Uh Oh… It’s looking like there’s not a lot of love lost between celebrated virgin track & field runner Lolo Jones and her medal-winning teammates Dawn Harper and Kellie Wells.
In an NBC post-race interview with Michelle Beadle silver medalist Dawn Harper complained that despite her compelling story of overcoming surgery to capture second place in the 100 meter hurdles, the press has continued to push “their favorite” Lolo Jones, who Harper did not mention by name.
The NBC interviewer addressed the situation head on, asking if there was tension amongst the team and naming Lolo specifically. Kellie Wells responded by saying the three girls who made it to the podium were the ones who worked hard and did what they had to do. Which might sound diplomatic if Kellie had managed to keep a straight face and Dawn hadn’t practically high-fived her after the comment.
Lolo finished fourth in the race and now the New York Times is also jumping on her for being long on looks and short on substance:
Judging from this year’s performances, Lolo Jones seems to have only a slim chance of winning an Olympic medal in the 100-meter hurdles and almost no possibility of winning gold.
Lolo Jones has received more attention than any other American track and field athlete based on what some have called a cynical marketing strategy that is long on hyperbole and short on achievement.
Still, Jones has received far greater publicity than any other American track and field athlete competing in the London Games. This was based not on achievement but on her exotic beauty and on a sad and cynical marketing campaign. Essentially, Jones has decided she will be whatever anyone wants her to be — vixen, virgin, victim — to draw attention to herself and the many products she endorses.
In 2009, Jones posed sans clothes for ESPN the Magazine. This year, she appeared on the cover of Outside magazine seeming to wear a bathing suit made of nothing but strategically placed ribbon. At the same time, she has proclaimed herself to be a 30-year-old virgin and a Christian. And oh, by the way, a big fan of Tim Tebow.
If there is a box to check off, Jones has checked it. Except for the small part about actually achieving Olympic success as a hurdler.
At the 2008 Beijing Games, Jones led before hitting the 9th of 10 hurdles. She stumbled home in seventh place. To her credit, she stood and answered reporters’ questions with grace, but her career has since ebbed. Anything could happen here, as Beijing showed. Still, Jones is far from a favorite.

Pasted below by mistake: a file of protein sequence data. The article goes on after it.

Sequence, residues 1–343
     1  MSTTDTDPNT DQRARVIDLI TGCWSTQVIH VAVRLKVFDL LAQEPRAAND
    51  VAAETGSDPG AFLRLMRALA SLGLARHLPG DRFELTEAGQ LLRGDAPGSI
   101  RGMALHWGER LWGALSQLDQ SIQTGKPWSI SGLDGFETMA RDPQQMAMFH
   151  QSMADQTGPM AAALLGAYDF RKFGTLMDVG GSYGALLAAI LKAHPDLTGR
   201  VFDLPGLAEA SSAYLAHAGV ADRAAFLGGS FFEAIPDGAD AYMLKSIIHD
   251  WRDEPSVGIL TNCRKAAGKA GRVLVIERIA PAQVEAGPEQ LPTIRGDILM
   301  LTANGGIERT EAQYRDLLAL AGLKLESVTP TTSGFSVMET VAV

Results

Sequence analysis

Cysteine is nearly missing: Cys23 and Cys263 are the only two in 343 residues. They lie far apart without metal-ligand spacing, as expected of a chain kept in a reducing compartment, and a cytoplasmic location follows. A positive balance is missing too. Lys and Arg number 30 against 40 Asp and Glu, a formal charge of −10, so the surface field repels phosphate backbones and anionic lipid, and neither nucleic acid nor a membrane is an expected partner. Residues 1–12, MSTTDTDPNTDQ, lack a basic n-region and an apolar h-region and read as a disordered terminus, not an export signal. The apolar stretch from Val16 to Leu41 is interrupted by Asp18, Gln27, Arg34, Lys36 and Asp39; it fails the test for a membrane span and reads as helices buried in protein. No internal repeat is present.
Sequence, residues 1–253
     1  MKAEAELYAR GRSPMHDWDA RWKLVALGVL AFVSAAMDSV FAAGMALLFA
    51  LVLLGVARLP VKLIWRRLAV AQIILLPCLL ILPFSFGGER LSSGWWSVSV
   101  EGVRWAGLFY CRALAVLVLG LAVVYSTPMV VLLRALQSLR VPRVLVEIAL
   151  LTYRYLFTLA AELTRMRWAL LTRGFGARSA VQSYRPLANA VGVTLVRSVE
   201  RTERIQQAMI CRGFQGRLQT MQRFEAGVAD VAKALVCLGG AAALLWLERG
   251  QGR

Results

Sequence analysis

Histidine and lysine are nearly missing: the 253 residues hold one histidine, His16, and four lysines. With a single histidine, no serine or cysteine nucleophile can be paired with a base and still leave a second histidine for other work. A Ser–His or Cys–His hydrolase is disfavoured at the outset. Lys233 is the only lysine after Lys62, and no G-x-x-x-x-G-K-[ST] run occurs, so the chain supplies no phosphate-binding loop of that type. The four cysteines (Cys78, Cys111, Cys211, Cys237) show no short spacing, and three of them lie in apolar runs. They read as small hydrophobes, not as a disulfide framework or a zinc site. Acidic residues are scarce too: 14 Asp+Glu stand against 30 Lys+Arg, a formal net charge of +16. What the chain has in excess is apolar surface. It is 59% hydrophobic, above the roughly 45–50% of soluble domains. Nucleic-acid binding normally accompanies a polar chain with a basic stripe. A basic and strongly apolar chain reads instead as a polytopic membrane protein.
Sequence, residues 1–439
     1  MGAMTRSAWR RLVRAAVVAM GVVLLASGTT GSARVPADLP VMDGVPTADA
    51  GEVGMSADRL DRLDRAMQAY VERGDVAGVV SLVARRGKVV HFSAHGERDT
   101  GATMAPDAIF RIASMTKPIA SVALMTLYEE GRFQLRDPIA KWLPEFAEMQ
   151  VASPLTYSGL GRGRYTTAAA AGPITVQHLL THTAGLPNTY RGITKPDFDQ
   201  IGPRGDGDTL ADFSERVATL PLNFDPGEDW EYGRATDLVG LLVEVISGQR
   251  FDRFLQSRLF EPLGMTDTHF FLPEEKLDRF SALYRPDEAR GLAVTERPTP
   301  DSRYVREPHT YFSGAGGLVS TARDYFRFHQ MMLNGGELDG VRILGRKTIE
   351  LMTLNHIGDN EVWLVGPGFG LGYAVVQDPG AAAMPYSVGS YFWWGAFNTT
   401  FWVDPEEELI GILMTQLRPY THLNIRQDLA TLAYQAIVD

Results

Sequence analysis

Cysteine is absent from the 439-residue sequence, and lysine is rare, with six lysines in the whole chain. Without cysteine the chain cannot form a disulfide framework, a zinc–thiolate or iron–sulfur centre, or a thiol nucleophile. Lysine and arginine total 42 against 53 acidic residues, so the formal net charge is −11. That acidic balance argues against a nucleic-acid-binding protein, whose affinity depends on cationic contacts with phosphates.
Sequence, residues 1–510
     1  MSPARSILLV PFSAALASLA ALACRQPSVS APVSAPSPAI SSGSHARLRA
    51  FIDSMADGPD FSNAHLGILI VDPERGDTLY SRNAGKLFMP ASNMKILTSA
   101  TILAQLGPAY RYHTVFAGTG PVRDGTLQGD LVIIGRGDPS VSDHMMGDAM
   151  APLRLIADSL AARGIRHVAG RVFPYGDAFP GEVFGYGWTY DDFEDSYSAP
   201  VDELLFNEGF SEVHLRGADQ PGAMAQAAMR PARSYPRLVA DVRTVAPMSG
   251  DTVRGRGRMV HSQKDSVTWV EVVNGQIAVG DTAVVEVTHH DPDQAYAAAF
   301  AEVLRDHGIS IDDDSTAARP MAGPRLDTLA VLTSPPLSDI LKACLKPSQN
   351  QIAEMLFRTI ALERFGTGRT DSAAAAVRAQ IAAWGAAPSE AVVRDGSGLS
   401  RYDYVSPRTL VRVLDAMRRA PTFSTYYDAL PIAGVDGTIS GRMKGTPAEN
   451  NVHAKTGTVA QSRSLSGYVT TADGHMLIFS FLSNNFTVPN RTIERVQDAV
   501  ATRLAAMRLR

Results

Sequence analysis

She barely made the 2012 Olympic team with a third-place finish at the United States trials. Nineteen hurdlers internationally have posted faster times this year than Jones’s best, 12.74 seconds, including the other two Americans in the field. Not all of those faster hurdlers will compete in London, but enough of them will to seemingly minimize Jones’s chances.
Sally Pearson of Australia is the favorite. Dawn Harper, the reigning Olympic champion from the United States, is also a candidate to win the gold medal, as is Kellie Wells, another American. Yet, Harper and Wells remain in shadow while Jones stands in the spotlight.
“It reminds me of Anna Kournikova,” said Janice Forsyth, the director of the International Centre for Olympic Studies at the University of Western Ontario.
This was a reference to the former Russian tennis player whose looks received far more attention than her relatively meager skills.
“It’s really a sad commentary on the industry Lolo is in,” Forsyth said. “Limited opportunities are there for women to gain a foothold unless they sell themselves as sex kittens or virgins for sale. I don’t know if this is Lolo being Lolo or part of a marketing scheme to remain relevant in an Olympic industry where if you are not the Olympic champion, you are nothing.”
Here’s more on Harper’s story and her frustration, which actually seems to be a legitimate gripe:
Harper, the 2008 Olympic hurdles champion, grew up in tattered East St. Louis, Ill. That city’s famous Olympic athlete, Jackie Joyner-Kersee, was her mentor. In Beijing, Harper had no shoe endorsement, so she ran and won in a pair of borrowed spikes. But all anyone asks about is Jones.
At one point, it was frustrating, Harper said, adding that she resolved the matter through prayer.
“I don’t care what anyone else is getting; I’m excited to be here,” she said. “At the end of the day, you can talk about all that, but you’ve still got to mention my name.”
Yet Harper acknowledged being startled by the extent to which Jones has revealed details about her own dissolute childhood in Des Moines. Her father spent time in prison. Her family lived for a period in a Salvation Army basement. She had a brief and desperate career as a child shoplifter.
“I’ve had family issues as well, but I’m not willing to say all of them just so it can be in the papers,” Harper said. “I don’t want that for myself or my family.”
By the way, Lolo is a devout Christian of Native American, African, French and Norwegian descent — exactly the kind of athlete that is easy to market to American viewers. So while Wells and Harper have a legitimate gripe you already know there are gonna be people who say this just sour grapes and another case of dark skin girls mad the light skin girl is getting all the attention. Do you think it’s poor sportsmanship for Wells and Haprer to be so negative about a teammate?
Should they be beefing like this? Or are they just bringing attention to the fact that Lolo just isn’t that good?